It has also adjusted the cost and pace of transition in some sectors, including providing for greater ambition on the emissions reductions obtainable through waste, reduced expectation of EV uptake in the early budget periods due to expected supply constraints and reduced expectations of on-farm emissions efficiencies.
The final advice identifies numerous policy recommendations for emissions reduction across all sectors of the economy. We set out some of the recommendations and modelling across the key sectors below.
Commission’s key recommendations, modelling and assumptions
- The Commission’s advice still places heavy reliance on the electrification of transport. Modelling proposes that 36% of the light vehicle fleet will be EVs by 2035, and 50% of light vehicle imports will be EVs from 2029. The Commission recommends no further ICE light vehicles imports from 2035.
- The Commission proposes policy development to:
- increase modal shift to walking, cycling and public transport
- reduce demand for travel (for example through smarter urban form and increased working from home)
- increase use of rail and coastal shipping for freight, and
- support electrification and low emission fuels for aviation and shipping transport from 2030.
- The Commission’s modelling suggests petrol costs will rise by 30 cents/litre by 2035.
Energy, industry and buildings
- The Commission’s advice continues to anticipate major expansion of electricity demand in light of electrification of transport and process heat. It proposes the Government develop an overarching Energy Strategy, as well as specific strategies for those industrial operators that cannot readily switch to low emission technologies.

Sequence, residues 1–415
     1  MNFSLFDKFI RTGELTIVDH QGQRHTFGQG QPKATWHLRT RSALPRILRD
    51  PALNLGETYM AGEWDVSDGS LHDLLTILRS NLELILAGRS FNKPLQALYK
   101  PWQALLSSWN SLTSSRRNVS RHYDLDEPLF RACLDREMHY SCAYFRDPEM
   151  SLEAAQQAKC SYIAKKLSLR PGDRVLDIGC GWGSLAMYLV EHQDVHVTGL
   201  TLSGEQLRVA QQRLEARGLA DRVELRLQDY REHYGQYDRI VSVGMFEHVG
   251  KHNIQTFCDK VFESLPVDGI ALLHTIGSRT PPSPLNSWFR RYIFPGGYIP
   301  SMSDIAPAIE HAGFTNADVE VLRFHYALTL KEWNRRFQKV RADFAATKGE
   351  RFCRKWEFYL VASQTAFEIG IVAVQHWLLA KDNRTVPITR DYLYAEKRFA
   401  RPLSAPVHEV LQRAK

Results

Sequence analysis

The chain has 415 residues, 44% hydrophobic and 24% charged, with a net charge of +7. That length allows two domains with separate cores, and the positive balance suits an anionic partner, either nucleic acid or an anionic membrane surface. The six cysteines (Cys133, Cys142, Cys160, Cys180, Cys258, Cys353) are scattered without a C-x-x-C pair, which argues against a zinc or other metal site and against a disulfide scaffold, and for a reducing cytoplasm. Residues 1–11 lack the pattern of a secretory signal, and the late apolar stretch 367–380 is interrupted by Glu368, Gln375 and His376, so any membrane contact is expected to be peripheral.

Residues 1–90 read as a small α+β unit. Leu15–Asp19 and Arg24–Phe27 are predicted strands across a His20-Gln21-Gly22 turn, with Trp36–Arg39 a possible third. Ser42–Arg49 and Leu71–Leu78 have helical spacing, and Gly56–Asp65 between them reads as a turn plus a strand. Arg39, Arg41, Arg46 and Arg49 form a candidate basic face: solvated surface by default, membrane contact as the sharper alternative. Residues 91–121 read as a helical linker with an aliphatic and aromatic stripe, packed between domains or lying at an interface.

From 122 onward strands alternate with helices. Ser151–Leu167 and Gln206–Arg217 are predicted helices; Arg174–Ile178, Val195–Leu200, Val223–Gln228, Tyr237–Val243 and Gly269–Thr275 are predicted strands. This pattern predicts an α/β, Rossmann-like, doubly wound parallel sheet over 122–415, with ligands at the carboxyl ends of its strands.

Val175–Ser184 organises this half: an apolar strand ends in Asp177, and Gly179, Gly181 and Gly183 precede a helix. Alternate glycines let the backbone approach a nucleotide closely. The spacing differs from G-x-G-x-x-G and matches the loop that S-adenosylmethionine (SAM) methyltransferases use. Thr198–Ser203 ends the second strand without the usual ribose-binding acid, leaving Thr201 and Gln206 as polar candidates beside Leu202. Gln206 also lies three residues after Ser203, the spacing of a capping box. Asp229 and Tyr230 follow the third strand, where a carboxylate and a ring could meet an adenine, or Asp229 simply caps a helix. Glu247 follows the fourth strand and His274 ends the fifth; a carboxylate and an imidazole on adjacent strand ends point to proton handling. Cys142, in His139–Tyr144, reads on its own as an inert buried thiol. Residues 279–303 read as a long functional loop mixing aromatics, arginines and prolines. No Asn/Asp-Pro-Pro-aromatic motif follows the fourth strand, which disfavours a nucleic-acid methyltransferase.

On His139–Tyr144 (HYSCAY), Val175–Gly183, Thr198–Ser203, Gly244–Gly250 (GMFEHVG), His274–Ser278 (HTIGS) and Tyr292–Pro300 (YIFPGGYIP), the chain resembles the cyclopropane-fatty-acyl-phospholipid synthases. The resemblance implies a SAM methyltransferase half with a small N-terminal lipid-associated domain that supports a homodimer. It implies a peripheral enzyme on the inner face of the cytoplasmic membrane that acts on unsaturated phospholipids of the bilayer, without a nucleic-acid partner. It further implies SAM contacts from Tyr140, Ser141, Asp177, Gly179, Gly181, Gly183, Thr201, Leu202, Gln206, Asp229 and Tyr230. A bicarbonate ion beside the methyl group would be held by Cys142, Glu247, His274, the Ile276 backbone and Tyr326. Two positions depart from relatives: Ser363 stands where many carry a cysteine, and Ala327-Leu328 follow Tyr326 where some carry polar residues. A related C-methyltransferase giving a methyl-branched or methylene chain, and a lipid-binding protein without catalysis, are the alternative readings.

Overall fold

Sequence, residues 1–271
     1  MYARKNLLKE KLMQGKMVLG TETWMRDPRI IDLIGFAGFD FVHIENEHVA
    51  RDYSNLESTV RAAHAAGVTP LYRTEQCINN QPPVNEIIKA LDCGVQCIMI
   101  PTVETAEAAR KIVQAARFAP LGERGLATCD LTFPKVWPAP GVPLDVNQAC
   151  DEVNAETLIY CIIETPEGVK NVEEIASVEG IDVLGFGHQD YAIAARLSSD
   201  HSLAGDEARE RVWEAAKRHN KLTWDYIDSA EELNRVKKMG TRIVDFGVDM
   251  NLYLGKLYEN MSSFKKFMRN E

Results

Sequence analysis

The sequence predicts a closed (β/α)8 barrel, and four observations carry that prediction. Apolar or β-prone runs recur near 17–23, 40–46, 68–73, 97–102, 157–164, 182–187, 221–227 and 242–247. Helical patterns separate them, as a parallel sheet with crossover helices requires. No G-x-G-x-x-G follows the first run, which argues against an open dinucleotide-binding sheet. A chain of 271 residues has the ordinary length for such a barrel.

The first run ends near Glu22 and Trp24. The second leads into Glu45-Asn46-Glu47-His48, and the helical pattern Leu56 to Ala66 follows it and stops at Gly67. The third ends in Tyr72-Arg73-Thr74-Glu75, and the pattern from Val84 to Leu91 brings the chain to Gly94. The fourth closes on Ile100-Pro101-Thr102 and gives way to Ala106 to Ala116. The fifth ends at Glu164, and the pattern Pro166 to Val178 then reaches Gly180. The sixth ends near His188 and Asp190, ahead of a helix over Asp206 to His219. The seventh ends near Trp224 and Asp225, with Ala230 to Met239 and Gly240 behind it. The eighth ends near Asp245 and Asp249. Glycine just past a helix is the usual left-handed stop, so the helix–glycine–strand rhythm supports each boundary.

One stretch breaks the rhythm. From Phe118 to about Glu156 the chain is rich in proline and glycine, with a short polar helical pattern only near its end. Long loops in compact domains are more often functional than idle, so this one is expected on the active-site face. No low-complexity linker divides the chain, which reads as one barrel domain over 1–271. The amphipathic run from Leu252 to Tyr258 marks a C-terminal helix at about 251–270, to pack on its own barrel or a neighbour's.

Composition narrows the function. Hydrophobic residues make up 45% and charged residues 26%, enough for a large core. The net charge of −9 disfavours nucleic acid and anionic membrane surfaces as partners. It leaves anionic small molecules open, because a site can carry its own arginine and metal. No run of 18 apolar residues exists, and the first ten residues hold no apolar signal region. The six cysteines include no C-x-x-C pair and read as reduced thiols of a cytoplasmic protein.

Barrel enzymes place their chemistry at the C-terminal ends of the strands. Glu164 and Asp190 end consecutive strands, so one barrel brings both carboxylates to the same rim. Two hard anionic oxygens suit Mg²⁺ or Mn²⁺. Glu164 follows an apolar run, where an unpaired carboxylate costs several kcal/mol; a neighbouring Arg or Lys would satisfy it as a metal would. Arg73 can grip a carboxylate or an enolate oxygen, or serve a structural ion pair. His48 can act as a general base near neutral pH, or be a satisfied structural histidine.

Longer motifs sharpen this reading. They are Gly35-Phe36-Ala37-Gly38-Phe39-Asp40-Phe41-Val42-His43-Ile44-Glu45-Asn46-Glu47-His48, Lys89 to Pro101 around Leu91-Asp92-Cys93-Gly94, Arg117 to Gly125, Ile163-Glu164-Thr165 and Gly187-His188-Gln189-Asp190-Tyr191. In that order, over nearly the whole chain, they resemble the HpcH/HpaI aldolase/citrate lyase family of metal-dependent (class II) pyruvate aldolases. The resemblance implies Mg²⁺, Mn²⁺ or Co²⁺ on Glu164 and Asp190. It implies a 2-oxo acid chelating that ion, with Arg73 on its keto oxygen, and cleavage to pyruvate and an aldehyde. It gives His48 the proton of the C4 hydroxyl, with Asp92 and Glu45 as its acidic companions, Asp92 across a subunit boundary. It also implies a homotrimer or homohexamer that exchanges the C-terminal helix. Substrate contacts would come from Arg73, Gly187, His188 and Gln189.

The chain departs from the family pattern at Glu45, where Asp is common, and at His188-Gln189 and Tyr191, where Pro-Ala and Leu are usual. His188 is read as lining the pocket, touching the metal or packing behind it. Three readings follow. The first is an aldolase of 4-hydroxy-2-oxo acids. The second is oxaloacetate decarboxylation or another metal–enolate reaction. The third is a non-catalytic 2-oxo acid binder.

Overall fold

- The Commission suggests replacing the Government’s 100% renewable electricity target, considering that an aspirational target of 95-98% renewable electricity generation by 2030 is sufficient.
- In relation to gas, the Commission has stepped back from its draft advice recommendation of no new gas connections from 2025, but still considers that a deadline should be set. It just requires greater consideration, including in relation to alternative fuels and impacts for gas infrastructure assets.
Agriculture and forestry
- The final advice sets slightly lower reductions in biogenic methane by 2030 and sidesteps the issue of whether there should be a pricing mechanism of biogenic methane, saying it is a matter for government decision in 2022 and also subject to separate Commission advice.
- The Commission has maintained its conclusion that biogenic methane reductions can be achieved via existing farm management practices rather than relying on new technology (e.g. feed efficiencies, and stocking rates).
- The Commission still sees a considerable but declining role for exotic forestry and has recommended changes to the Emissions Trading Scheme (ETS) to prevent over reliance on exotic forestry whilst encouraging permanent indigenous forest sinks.
- The Commission proposes emissions in the waste sector through:
- increased policy focus on the circular economy
- diversion of organic waste from landfill, and
- expansion of landfill gas capture programmes.
Appetite and timeline for Government action?
So far, the Commission seems to have the Government on board. The Prime Minister said the Government would take the Commission’s report away and prepare an Emissions Reduction Plan (ERP) for presentation to Parliament. Climate Change Minister James Shaw has said that over 30 government departments are currently working on different aspects of the ERP. The ERP must be gazetted by 31 December but the Government will need to be prepared by November if it is to be debated before the House rises for Christmas, and Minister Shaw has indicated key policies will be set by October.
In advance of the ERP, it appears likely that there will be government action to gazette the budgets and confirm New Zealand’s revised Paris Agreement commitments. While the former is expected to be largely consistent with the Commission’s advice, the latter is likely to become politicised and will be scrutinised in the same way that prior judicial reviews have challenged Ministerial decisions regarding New Zealand’s Paris Agreement commitments.
1 Note: the Draft Advice figures were based on 2018 averages and using a different accounting methodology, so are not directly comparable.